County supervisors have delayed action once again on knocking down a privately owned house on Ashburn Road.
The county board on Dec. 11 held a public hearing on declaring the property a nuisance and ordering the removal of the unoccupied house on the property and possibly saddling the property owner with cost of that work through a lien. But instead of moving ahead, supervisors delayed a decision until July 2020 at least. Vice Chairman Ralph M. Buona (R-Ashburn) said that was to give the property owner more time.
“They’d had some time to try to get a historic designation or sell the property, however, frankly, they need a little more time,” Buona said.
The property owner, Carmen Felder of Leesburg, has sought and, so far, been unsuccessful in selling the property or winning a historic designation for it. But she has said the property not only represents a generational investment for her family, but a piece of history in the area.
Felder, a marketing professional, is among other things co-founder of former Redskins player Santana Moss’s charitable nonprofit, 89 Ways to Give.
Buona pointed out that although it lies near a historic district in Old Ashburn, the property is not inside those boundaries. He said he’d like the county’s Heritage Commission to dive into the deeds on the property to decide whether it’s “truly historical.”
According to Felder’s representative, Jim Sisley, the at-large appointee to the county Planning Commission and the owner and principal broker of Paladin Real Estate, tax records document the sale of a half-acre property on that site on Feb. 20, 1889, by a couple from Alexandria to Sally Simmons for $135. He speculated she may have been a single black woman teaching at the nearby Ashburn Colored School, making her a rare property owner at the time.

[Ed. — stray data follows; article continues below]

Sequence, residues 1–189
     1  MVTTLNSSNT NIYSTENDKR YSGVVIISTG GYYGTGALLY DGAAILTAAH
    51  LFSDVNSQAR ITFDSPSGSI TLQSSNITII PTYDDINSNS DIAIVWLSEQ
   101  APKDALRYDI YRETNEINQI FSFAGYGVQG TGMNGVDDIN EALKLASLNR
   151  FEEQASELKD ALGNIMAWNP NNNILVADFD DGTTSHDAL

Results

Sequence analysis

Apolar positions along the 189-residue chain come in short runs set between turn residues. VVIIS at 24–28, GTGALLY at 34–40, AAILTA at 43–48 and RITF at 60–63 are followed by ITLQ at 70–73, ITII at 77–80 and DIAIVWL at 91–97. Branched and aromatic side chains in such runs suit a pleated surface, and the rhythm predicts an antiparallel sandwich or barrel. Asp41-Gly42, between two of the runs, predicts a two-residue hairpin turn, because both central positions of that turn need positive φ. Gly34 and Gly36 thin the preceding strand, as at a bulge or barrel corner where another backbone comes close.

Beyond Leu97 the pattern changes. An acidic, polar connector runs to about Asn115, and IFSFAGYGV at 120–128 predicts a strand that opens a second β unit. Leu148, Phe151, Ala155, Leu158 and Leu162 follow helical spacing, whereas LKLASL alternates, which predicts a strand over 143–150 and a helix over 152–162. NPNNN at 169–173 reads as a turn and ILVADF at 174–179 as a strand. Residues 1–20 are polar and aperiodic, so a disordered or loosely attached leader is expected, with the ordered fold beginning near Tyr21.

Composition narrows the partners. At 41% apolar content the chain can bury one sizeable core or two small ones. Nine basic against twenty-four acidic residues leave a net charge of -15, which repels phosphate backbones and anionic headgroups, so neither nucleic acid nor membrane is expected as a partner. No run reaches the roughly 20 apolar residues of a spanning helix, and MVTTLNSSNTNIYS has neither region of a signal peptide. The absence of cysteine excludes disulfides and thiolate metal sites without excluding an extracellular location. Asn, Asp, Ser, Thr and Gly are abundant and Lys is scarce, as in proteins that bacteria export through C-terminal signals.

And if the building is demolished, the options on that lot will become very limited. The required building setbacks on either side of the long, narrow property overlap—meaning there is no area in the property where it would be legal to build. The only place building could take place now is inside the footprint of the existing structure. If that goes away, so does the grandfathering for a building there. The property is about 640 feet long along the road, and only about 100 feet wide at its widest point, according to county mapping information.
It is also an island of outdated zoning. It is zoned for industrial development in an area of residential and rural commercial zoning and development. When the rest of the area was rezoned away from the industrial park vision of a previous county comprehensive plan, this property was left behind.
The county has delayed taking action on the property before. According to county report, Felder was first sent a blight notice on March 29, 2018. Since then, Felder and the county have been in correspondence about securing, mowing and cleaning up trash on the property, and about selling it. With that work underway and the building secured against entry, county zoning officials deferred enforcing the ordinance.
On July 26, 2019, with no change in ownership, county staff members pushed ahead on a blight abatement plan.
Under the county’s blight ordinance, if someone submits a complaint to the county, and the property owner is unresponsive to a notice requiring a blight abatement plan, the county can take action. The ordinance defines a “blighted property” as any individual commercial, industrial, or residential structure or improvement that endangers the public’s health, safety, or welfare because the structure or improvement upon the property is dilapidated, deteriorated, or violates minimum health and safety standards.” It must be vacant, lacking in upkeep, and unfit for human occupancy.
Felder said she took over the fight for her mother, who formerly lived in the house.
The parcel is one of the properties supervisors had in mind when they adopted a local blight ordinance.
“When we passed the blight ordinance about two year ago, there were three properties in the Ashburn area that we had complaints on,” Buona said. “Two of those properties, the blighted structures have been removed.”
Supervisors voted 8-0-1, with Supervisor Geary M. Higgins (R-Catoctin) absent, to continue the public hearing until July.